A few remnants of the control room that were not vandalized at this point; now it’s a different story, unfortunately. The tile is glazed ceramic to be permanently nonconductive.
When block glass shatters, it looks like ice.
The Harrison flour mill, completed in 1897 and expanded in 1901 and 1902. The tunnel that I am standing on probably transported grain from the elevator to the mill. Medium Format.
Looking toward the power station at the edge of the explosives plant.
A bird near the old schoolyard.
The Osborn Block (front) and the Twohy (rear) at sunset. In the distance, you can almost make out Globe Elevators. One of my favorite photos of 2013.
One of a pair of poles to hold the electric lines for the streetcars entering and exiting the tunnel.
The light masts are there, but it looks like the cables that stretched across the dock with the actual lights have fallen down.
A collapsing and unstable building.
Modern ruins of the Gilman-Belden tram…
Kat dancing down the trestle, which is one of the highest in the state, standing about 100 feet over the road. Mamiya 6/Portra 160
I included this image to illustrate the height of the headgrame and the distance between it and the hoist house. Of course, compared with the depth of the mine shaft, this distance is short.
A little ice and snow made work at Taconite Harbor much more dangerous.
Mammoth Mine overlooks Central City from atop Mammoth Hill. In the distance you can make out Coeur d’Alene Mine (red), which operated from 1885 through 1940.
Approaching the power station and its giant stack. The stack replaced four shorter stacks in the 1960s, helping with pollution in the downtown corridor.
Lights over the emergency slides. A veritable overgrown city in the background.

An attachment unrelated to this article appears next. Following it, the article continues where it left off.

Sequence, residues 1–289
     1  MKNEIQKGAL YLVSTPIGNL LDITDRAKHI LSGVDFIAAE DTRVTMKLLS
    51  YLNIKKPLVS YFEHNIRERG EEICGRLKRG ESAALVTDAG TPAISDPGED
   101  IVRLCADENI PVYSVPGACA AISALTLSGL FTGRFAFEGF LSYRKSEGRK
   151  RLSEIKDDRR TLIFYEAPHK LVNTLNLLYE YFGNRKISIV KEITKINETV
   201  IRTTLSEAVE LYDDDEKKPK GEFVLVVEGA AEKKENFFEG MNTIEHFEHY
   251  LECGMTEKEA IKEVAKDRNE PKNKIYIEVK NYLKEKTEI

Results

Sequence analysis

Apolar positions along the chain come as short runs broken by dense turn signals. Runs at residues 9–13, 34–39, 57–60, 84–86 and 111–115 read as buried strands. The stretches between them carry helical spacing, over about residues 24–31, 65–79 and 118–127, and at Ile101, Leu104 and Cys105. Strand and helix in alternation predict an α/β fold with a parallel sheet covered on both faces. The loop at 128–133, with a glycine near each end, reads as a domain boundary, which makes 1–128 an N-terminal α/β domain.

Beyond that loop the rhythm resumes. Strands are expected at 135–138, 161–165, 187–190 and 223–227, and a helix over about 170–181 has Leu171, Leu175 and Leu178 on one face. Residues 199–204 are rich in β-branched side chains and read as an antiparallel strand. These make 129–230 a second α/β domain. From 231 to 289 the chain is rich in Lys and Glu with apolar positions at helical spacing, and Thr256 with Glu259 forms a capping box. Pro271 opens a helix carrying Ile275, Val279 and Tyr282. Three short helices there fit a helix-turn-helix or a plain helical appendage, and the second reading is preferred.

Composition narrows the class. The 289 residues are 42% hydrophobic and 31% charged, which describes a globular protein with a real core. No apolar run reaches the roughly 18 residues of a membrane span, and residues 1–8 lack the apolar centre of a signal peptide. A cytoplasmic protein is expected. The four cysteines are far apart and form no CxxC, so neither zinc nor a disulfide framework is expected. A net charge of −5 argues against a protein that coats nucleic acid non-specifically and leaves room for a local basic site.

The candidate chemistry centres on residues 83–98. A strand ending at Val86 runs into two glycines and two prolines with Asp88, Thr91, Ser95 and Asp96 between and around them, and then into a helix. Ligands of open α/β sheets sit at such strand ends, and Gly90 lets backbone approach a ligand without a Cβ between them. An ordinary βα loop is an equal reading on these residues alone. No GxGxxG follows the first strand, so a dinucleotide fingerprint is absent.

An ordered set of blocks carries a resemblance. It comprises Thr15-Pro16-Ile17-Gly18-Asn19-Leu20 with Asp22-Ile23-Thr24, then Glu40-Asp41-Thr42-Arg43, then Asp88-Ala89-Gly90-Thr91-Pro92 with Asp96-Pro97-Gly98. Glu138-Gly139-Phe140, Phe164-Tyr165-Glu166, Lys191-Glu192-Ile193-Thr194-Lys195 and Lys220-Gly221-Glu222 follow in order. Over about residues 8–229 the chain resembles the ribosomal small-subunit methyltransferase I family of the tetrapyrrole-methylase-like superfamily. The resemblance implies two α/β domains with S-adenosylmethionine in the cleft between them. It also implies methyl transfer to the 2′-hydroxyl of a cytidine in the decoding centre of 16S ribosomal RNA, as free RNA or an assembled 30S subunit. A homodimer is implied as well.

A quick shot to show the mineshaft in context with the smelter. Did I mention the smelter’s stack is unreasonably gigantic?
Insulators to take in the AC from Great Falls and Montana Power Co.
These wide spools sit atop the abandoned tracks that lead to the train shed, which was later repurposed into a truck shed.
One of the smallest of the many elevators in Thunder Bay, this little elevator held corn for the glucose and starch lines.
I slid into the mill through the top floor, near where the rock-grinding ball mills were left to rust. I look around, taking in the most intact gold mill I’ve ever explored. Movement attracted my eye to the ceiling, where I found something staring back, a raven was observing me with some interest. It had been a while since I have brushed up on the folklore and mythology, but I took it as a good sign. Leica/Summilux 35/Ektar 100
The sidewalks are littered with rocks.
The depot at the head of town seems to be being disassembled. Behind it is a dead signal where the tracks used to be; they’ve been pulled.
All electrical rooms were surrounded by walls, for obvious reasons. Now all the walls are gone, for reasons less obvious.
Ringling, MT is spread thin across the grassy land.
Looking down the Gilman-Belden tram.
The tangled telegraph lines between Mitchell and the engine house keep the old pole from topping in the wind.
A shuttered house at the end of the block doesn’t even have boards on it anymore.
A bridge crosses the main street of the village; one that goes nowhere. Ambiguity intended.
In this ghost town where there were brick, wooden, and dirt-brick buildings, the latter fared the best by far.
Looking out at the abandoned neighborhood around the house.
This building had no identity issues. My chief regret was not spending more time documenting the ghost signs around the complex.
The two antennae are retracted–the position they would be in if the base was under attack.
The main street of the ghost town is also the maintenance road for the BNSF line that bisects Colmor.
The the left, the nitrating line in War City. To the right, War City’s sole suburb, Charlestown, IN.
General Mills bought Consolidated Elevator’s “D” in 1943 and renamed it “A,” though no additional elevators have followed from that firm to date. Visible on the right is the first annex, built along with the elevator in 1909.
Typical New Mexico ranch fencing. The power lines follow the rails between Springer and Wagon Mound.
The turbine hall sported a beautiful Whiting gantry crane.
A squat building with a rail scale. Taken between rain showers in late summer, when I seemed to be the only one at White Pine.
This is how the warehouse looks today.